-5- Turkey Destroys Kurdish Villages With U.s. Weapons.
by Gabriel Roth
Thursday, April 13, 2000
The Turkish government''s campaign of repression against ethnic Kurds has continued since the Turkish Republic was founded in 1923. Fifteen years ago, though, the civil war escalated, thanks to generous donations of weaponry from the U.S.
Since 1980, the U.S. has sold or given Turkey weapons to the tune of $15 billion, including Cobra helicopters, armored personnel carriers, and F-16 fighter bombers. American soldiers have been sent to Turkey to train commando forces there. An estimated 75 percent of the Turkish army''s arsenal is marked "Made in the U.S.A."
This weaponry has gone to quell the nationalist movement among the Kurds.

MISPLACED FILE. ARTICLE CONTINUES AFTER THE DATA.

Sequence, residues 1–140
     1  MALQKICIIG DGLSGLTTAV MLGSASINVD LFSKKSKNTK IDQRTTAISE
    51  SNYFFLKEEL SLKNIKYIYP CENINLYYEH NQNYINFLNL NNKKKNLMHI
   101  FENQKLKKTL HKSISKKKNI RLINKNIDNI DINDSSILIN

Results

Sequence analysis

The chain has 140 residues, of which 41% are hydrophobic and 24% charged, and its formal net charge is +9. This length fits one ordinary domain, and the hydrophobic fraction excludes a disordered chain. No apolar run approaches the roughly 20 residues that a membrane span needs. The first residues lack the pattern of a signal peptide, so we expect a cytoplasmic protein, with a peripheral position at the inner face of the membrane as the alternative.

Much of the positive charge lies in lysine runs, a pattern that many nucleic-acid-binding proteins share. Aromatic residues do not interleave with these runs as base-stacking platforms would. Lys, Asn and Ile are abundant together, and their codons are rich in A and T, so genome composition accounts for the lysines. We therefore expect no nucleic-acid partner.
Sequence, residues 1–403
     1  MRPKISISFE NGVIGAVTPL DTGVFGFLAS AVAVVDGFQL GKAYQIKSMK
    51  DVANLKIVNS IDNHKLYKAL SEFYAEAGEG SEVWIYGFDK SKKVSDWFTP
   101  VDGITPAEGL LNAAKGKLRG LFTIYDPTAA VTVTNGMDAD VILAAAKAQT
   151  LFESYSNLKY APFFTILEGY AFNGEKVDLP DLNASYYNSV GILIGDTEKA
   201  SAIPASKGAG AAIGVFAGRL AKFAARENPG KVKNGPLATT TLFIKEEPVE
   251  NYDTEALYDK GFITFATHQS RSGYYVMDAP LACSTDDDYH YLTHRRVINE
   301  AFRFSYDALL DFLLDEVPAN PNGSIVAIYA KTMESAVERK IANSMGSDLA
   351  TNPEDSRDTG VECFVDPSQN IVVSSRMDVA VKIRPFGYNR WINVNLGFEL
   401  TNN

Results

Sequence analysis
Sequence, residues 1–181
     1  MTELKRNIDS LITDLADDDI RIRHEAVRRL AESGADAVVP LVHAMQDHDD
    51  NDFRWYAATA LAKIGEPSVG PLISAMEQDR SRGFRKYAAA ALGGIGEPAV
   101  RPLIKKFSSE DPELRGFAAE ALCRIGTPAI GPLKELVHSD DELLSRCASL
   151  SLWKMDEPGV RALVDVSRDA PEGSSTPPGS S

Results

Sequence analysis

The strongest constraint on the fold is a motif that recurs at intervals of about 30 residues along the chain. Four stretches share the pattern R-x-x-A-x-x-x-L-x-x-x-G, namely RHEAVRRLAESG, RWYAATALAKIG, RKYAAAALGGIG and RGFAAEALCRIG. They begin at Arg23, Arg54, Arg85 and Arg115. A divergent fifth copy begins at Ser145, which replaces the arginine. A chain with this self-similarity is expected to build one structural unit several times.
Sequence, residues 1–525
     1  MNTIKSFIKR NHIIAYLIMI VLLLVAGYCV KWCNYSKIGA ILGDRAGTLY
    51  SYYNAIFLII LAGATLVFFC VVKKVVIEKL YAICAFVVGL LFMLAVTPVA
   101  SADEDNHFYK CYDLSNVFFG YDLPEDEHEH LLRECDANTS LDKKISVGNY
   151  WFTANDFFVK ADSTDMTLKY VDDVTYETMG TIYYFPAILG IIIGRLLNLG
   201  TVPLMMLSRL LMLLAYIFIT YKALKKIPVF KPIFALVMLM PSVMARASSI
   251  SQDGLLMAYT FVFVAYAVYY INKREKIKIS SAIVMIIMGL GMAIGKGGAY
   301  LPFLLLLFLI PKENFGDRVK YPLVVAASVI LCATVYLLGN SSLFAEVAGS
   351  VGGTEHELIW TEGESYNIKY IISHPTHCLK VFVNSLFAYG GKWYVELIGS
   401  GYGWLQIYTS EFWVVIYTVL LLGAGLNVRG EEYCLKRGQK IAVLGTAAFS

The Turkish civil war represents the single largest use of U.S. weapons by non-U.S. forces anywhere in the world. In the past 15 years, nearly 40,000 lives have been lost. More than 3,000 villages have been leveled, burned, or evacuated since 1990; some were simply destroyed from above by American-made bombers. Two million Kurds have lost their homes.
All this in an effort by Turkey''s military government to crack down on the Marxist-led Kurdistan Workers Party, or PKK. In a tactic borrowed from the U.S. Army in Vietnam, Turkish soldiers habitually force Kurdish civilians into serving as "village guards." Villagers who won''t participate in the anti-PKK struggle have been beaten, forced off their land, or worse.
Readers of the U.S. press have seen stories about the plight of the Iraqi Kurds, perhaps because their oppressor, Saddam Hussein, is an enemy of the U.S. But there are four times as many Kurds in Turkey, also suffering state repression, and about them we hear nothing.
Kevin McKeirnan, "Turkey''s War on the Kurds," Bulletin of Atomic Scientists, March/April 1999. For more information, go to www.kurdistan.org, www.fas.org/asmp, or www.clark.net/kurd.